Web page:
This specification covers the requirements for two types of a two-part, transparent, reversion resistant flexible insulating compound, to provide resilient, environmental, and electrical insulation of components in systems in temperature range 85 to 392 °F (-65 to 200 °C). These insulating compounds are intended for embedding, potting or encapsulation of electrical and electronic components in systems where tear resistance is not critical but their use is not limited to such applications. These transparent compounds allow visual circuit and part identification and facilitates part replacement and repairs. The insulating compound shall cure in sections of unlimited thickness, either exposed to air or completely sealed.
This standard describes the accepted methods used for preparing aerospace sealant test specimens for qualification and quality conformance or acceptance testing. AS5127/1 and AS5127/2 are to be used in conjunction with this document and the applicable AMS specifications.
This SAE Aerospace Standard (AS) describes the procedures for the flammability testing of aircraft firewall sealants in accordance with the requirements of FAR Part 25 Sections 25.865, 25.867, 25.1191, and 25.1193. This test method is intended to determine the capability of sealant materials to control the passage of and effects from fire.
This SAE Aerospace Standard (AS) describes test methods to determine the application and performance properties of two-component sealing compounds. It shall be used in conjunction with AS5127 and the applicable material specification. When modifications to these test methods are called out in material specifications, the material specification shall take precedence.
This SAE Aerospace Recommended Practice (ARP) provides methods and guidelines for isolating dissimilar repair patch materials from carbon composite structure during a repair operation. These procedures are applicable to any repair procedure for carbon fiber reinforced plastic parts in which the repair patch is a metallic alloy that can form a galvanic cell with carbon in the presence of moisture or other electrolytes. The principal patch materials addressed are aluminum, titanium, and stainless steel. The procedures are primarily concerned with bolted repairs that introduce the most severe, potential corrosion problem but bonded repairs are also considered. The procedures are also applicable to repairs involving reinstallation of metallic inserts into a carbon fiber reinforced plastic part. Fiberglass and aramid fiber reinforced plastics do not have galvanic reactions with other materials, and the procedures outlined herein are, therefore, not essential with these materials.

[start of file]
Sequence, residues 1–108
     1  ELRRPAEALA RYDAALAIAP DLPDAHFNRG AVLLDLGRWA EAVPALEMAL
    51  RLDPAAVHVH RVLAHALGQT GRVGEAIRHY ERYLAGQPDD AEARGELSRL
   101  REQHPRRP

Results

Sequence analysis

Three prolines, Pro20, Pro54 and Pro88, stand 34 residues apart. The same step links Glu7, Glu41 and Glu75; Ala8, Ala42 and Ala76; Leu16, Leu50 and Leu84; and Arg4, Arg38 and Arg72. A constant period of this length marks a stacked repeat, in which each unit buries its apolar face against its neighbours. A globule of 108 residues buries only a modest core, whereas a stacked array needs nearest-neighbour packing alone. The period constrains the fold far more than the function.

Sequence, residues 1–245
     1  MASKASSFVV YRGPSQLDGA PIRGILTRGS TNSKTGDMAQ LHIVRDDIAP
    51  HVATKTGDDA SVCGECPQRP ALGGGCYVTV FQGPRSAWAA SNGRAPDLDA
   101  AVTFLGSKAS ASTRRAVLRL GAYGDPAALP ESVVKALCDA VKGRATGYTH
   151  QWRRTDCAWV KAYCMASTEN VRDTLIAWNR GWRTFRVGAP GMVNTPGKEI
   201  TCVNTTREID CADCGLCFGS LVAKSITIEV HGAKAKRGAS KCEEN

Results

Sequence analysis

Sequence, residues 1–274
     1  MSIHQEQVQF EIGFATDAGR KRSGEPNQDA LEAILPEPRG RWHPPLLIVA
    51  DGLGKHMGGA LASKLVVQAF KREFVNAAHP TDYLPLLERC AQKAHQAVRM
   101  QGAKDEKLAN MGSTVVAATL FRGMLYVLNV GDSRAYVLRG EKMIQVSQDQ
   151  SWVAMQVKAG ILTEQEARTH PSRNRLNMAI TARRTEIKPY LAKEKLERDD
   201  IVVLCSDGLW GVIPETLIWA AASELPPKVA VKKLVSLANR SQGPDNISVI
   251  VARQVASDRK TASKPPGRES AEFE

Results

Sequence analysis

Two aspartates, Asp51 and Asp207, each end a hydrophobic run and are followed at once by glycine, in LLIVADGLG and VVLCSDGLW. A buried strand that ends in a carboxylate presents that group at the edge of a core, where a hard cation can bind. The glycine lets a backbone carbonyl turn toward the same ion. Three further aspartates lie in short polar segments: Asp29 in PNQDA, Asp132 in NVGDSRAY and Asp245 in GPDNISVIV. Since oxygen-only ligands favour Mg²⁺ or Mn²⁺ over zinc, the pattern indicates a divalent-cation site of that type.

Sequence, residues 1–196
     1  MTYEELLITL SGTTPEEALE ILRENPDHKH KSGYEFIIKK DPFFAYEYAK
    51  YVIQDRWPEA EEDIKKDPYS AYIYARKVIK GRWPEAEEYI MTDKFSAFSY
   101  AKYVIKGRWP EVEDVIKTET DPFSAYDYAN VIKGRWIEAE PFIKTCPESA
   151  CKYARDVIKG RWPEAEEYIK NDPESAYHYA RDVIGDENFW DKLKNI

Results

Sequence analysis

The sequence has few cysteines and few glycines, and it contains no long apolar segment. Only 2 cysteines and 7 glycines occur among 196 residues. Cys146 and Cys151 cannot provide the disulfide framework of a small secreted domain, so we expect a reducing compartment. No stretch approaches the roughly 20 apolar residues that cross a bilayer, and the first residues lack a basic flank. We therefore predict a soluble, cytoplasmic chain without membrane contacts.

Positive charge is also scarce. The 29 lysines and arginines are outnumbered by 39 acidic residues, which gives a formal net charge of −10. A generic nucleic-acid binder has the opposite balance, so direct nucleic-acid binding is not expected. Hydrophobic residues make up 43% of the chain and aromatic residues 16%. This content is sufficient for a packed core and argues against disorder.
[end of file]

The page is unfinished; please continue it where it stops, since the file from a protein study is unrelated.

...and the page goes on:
Standard reference fluids, or test fluids, have long been used to evaluate the effects of hydrocarbon fuels on various materials, such as integral fuel tank sealants. Standard fluids are required because hydrocarbon fuels, such as JP-4, vary widely in composition depending on crude source, refining techniques, and other factors. To ensure reliable and reproducible results when determining the fuel resistance of materials, reference fluids of known composition, using worst case fuel compositions, are used. The current Jet Reference Fluid (JRF) called out in military sealant specifications was developed in the mid-1950s specifically as a JP-4 type test fluid formulation to be used for the accelerated laboratory testing of integral fuel tank sealants. In August 1978, chalking of the polysulfide sealant in integral fuel tanks of some new aircraft at Edwards Air Force Base in California was discovered after only 1 year of service.
This specification covers two types of electrically conductive, elastomeric polythioether sealing compounds that cure at room temperature. The sealing compound is supplied as either a two-component system or as premixed and frozen.
This SAE Aerospace Information Report (AIR) presents preferred design, assembly, and repair practices for sealing of aircraft integral fuel tanks, including rework of applied fuel tank seals. It addresses engineering designs for integral fuel tanks as they are currently found in practice; and discusses the most practical and conservative methods for producing a reliable, sealed system. Although this AIR presents practices for sealing of integral fuel tanks, the practices presented within this report are practices that are carried throughout sealing that include both pressure and environmental aircraft sealing. Design preferences for optimum sealing are not within the scope of this document. Such discussions can be found in the United States Air Force (USAF) sponsored report, entitled Aircraft Integral Fuel Tank Design Handbook, AFWAL-TR-87-3078.